Yasmine said,”While we set out to serve these young women in foster care, our members were also impacted by serving. The women we serve have changed all of our lives for the better because regardless of your circumstances, we all walk away stronger knowing that we all struggle as mothers.”

It was a day of fun, giving, education, and above all gratitude. These young mothers in foster care were grateful for the support, the education and the childcare. More than that, it was a day of women and community coming together to support one another. The full hearts and gratitude were abundant.

Charity Matters.

 

Copyright © 2017 Charity Matters. This article may not be reproduced without explicit written permission; if you are not reading this in your newsreader, the site you are viewing is illegally infringing our copyright. We would be grateful if you contact us.

AnnieCannons

Have you ever heard of Annie Cannon? She was a pioneer, who worked at the Harvard Observatory in the early 20th century. Annie Cannon and a group of women discovered the very categories that stars fall into. If ever there was a more perfect name for an organization about two stars who are truly pioneers, it is Laura Hackney and Jessica Hubley’s nonprofit organization Annie Cannons.

Truly one of the most innovate organizations tackling one of the most horrific problems, human trafficking or slavery. The International Labour Organization estimates that there are 20.9 million victims of human trafficking globally. Sixty-eight percent are trapped in forced labor, twenty-six percent are children and over fifty percent are women and girls. According to the nonprofit organization Polaris there were over 8,000 reported cases in the United States in 2016. I truly had no idea and was shocked by these statistics.

What was even more stunning was two Stanford graduates (one a Masters from Stanford and the other Stanford Law) who were determined to find a solution to empower these victims by teaching them skills, earning income and building solutions to empower them to break the cycle. Last week I had one of the most incredible conversations, I have ever had…. with Co-Founder Jessica Hubley.

Charity Matters: What is the back story to Annie Cannons, your nonprofit is pretty unique?

Jessica Hubley: Laura was the manager of the Program on Human Rights on Stanford and had worked as a Senior Research Associate for Stanford’s Anti-Trafficking Project. I was an attorney, we had both gone to Stanford and in September 2013, I was writing a nonfiction book about human trafficking. Laura was going to Myanmar for work and asked if I wanted to come along. We met and interviewed nine people who were victims of human trafficking and they all said the same thing. That they were desperate for work, they were poor, vulnerable and trusted someone.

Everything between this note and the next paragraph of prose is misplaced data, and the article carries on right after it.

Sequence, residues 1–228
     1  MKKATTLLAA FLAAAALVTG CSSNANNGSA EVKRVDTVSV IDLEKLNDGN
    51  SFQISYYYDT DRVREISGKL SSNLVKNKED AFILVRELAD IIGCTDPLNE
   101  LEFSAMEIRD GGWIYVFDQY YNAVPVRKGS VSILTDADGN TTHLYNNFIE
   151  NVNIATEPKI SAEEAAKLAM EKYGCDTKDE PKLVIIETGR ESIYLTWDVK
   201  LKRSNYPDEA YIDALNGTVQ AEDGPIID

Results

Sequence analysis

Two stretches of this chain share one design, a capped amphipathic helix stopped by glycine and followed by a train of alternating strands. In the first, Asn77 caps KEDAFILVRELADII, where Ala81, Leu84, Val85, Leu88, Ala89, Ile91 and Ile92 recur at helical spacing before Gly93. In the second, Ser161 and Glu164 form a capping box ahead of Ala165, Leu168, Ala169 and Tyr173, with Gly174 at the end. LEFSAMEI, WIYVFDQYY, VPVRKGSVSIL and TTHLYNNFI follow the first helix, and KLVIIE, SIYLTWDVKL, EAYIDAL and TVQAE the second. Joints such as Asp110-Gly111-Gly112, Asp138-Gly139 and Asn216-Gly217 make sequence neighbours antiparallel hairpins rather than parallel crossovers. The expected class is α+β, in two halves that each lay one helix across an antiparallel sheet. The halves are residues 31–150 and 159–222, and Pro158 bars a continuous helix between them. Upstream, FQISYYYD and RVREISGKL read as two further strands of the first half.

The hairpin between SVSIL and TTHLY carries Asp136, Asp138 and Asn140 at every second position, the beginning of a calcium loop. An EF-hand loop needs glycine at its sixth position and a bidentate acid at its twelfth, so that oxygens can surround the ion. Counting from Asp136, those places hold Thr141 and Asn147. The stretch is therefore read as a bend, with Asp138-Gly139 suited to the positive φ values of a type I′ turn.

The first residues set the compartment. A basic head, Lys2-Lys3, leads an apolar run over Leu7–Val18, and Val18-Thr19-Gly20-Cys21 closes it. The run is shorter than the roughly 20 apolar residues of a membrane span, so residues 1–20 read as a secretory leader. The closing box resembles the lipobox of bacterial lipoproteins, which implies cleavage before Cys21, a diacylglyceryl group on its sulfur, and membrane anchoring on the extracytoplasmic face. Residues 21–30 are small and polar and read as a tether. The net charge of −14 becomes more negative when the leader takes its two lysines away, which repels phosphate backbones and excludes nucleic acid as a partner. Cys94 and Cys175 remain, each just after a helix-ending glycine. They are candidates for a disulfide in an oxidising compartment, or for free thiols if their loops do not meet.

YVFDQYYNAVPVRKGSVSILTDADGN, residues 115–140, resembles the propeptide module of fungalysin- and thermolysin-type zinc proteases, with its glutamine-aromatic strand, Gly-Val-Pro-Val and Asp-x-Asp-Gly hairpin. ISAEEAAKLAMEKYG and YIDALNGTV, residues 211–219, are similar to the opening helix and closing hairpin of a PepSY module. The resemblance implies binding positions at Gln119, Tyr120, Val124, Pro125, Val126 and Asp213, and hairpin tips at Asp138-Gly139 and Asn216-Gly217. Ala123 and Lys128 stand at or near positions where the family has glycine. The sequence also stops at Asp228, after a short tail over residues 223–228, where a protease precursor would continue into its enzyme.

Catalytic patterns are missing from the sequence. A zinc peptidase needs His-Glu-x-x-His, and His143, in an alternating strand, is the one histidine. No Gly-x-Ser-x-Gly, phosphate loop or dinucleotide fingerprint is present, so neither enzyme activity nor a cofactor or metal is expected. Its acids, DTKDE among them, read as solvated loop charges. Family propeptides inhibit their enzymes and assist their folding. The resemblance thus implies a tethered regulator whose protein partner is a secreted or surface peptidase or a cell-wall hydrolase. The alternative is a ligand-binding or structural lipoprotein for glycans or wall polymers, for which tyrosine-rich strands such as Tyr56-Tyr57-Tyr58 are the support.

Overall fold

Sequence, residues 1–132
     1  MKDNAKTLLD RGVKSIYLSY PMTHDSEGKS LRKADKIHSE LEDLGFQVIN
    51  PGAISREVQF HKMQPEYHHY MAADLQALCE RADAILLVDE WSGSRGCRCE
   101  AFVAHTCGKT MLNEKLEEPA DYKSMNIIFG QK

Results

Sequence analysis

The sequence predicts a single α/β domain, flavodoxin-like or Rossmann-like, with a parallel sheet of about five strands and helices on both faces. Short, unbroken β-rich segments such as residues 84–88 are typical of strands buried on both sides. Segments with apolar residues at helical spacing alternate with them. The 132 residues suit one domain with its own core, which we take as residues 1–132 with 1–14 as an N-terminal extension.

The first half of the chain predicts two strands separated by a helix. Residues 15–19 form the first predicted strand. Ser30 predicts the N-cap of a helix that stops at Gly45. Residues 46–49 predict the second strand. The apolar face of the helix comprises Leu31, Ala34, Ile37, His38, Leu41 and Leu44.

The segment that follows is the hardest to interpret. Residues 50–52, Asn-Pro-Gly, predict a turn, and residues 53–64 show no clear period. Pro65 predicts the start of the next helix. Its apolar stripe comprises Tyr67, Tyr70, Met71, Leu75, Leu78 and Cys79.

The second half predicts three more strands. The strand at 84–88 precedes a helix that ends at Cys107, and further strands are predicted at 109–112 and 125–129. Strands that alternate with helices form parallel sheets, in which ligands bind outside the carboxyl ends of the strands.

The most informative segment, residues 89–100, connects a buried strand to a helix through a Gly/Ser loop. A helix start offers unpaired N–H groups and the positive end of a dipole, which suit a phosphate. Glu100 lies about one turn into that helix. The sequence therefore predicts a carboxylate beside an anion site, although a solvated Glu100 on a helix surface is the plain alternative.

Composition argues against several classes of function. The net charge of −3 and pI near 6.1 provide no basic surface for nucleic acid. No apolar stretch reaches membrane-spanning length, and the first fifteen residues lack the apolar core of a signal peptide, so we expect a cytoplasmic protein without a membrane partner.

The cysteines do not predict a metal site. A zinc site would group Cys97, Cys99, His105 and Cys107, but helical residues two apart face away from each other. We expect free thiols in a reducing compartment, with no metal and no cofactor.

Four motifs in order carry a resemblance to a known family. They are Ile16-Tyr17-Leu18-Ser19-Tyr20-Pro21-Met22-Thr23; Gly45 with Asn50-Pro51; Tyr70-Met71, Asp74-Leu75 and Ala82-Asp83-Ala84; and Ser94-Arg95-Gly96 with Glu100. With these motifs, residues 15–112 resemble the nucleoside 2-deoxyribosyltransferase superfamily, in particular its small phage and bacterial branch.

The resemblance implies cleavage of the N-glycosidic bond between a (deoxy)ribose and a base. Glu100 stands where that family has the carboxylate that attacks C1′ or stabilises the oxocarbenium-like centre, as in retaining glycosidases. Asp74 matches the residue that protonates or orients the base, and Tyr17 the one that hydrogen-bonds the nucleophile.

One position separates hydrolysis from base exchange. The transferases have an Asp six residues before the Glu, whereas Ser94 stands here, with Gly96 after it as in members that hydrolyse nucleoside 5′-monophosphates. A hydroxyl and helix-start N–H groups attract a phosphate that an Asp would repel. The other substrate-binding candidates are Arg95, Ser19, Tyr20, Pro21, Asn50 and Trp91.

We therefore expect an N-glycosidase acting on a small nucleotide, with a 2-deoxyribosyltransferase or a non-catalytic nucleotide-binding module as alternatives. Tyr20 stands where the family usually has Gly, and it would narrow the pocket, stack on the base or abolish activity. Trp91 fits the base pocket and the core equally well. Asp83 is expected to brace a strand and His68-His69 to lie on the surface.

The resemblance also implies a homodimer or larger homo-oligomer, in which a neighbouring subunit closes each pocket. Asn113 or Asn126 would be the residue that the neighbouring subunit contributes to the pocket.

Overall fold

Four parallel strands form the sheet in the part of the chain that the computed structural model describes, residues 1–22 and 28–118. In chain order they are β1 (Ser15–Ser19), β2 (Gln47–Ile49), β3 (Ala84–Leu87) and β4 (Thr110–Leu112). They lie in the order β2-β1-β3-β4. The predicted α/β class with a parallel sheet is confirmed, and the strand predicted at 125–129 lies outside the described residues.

This was shocking to me, but not to Laura who had been in this space for much longer. I asked Laura, “What if we got these people a job?” The answer wasn’t as simple, but we knew that if we could find away to address the financial piece we might be able to impact change.

When we came home, I was a successful attorney working with digital media companies in the technology industry. I was seeing so many people in software development making $400 an hour writing code and couldn’t help but wonder what if we taught these women victims of human trafficking how to do this?

Charity Matters: What did you do then? 

Jessica Hubley: First we spent an enormous amount of time talking to people who ran nonprofits, shelters here in the Bay Area that housed women who were victims of human trafficking, we spoke to Fortune 500 companies and gathered a lot of information.

 We are self-proclaimed huge geeks. That being said, we taught ourselves to write code. Laura taught herself, then she taught me, we began essentially putting a school together for these women and kept refining our curriculum. We knew the market and need for coders and believed that these women who had escaped unimaginable past had what it took. They were good problem solvers, they were survivors, hard workers and they had grit. It turns out that is exactly what it takes to  be a perfect coder.

Charity Matters: What fuels you to keep doing this work? You are running a nonprofit and a school, essentially and then you are  helping these women get jobs writing code? It is an enormous undertaking, how do you do it?

Jessica Hubley: I think there are three things. One, I still feel I have something to prove to the world. Two, we built the kind of work place that we both always dreamed of that is supportive and collaborative, where we all learn from one another. Lastly, Laura understands and having a partner to lift me up ….and we keep each other going.

Charity Matters: When do you know you have made a difference?

Jessica Hubley: When I see one of our students thriving and being successful. When I receive a card or note saying you changed my life and my children’s’ lives. When our customers love their apps and websites and when we have found hidden figures in the world that no one is looking at and have given them the economic power to break the cycle of human trafficking. We have helped people build solutions.

Charity Matters: What have you learned from this experience?

Jessica Hubley: I have learned that most people are good but more than that, I have learned that what really matters is the mark we leave on the world.

Charity Matters.

 

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Planting the seeds of compassion in our children….